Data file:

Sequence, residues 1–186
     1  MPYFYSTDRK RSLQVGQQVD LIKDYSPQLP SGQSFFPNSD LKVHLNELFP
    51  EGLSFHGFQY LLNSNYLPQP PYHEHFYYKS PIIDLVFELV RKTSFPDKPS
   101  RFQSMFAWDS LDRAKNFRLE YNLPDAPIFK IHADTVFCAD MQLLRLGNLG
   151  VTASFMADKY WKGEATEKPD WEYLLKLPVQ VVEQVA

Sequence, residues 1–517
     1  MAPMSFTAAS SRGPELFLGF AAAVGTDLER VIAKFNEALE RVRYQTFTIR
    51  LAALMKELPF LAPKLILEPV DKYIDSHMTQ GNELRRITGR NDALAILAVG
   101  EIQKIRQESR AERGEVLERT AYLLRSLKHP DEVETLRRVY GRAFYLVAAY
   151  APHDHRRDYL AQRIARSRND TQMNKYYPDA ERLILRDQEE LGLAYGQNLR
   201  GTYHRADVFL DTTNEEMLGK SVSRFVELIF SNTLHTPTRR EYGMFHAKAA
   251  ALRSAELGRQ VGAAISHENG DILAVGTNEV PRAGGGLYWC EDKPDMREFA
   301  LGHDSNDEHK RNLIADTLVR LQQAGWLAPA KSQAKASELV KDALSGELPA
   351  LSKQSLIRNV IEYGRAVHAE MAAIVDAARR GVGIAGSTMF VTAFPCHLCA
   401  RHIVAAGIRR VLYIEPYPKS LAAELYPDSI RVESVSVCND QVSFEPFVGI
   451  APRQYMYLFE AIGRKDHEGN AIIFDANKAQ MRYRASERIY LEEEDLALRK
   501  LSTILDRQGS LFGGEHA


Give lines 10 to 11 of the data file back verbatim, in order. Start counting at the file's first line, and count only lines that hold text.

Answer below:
   151  APHDHRRDYL AQRIARSRND TQMNKYYPDA ERLILRDQEE LGLAYGQNLR
   201  GTYHRADVFL DTTNEEMLGK SVSRFVELIF SNTLHTPTRR EYGMFHAKAA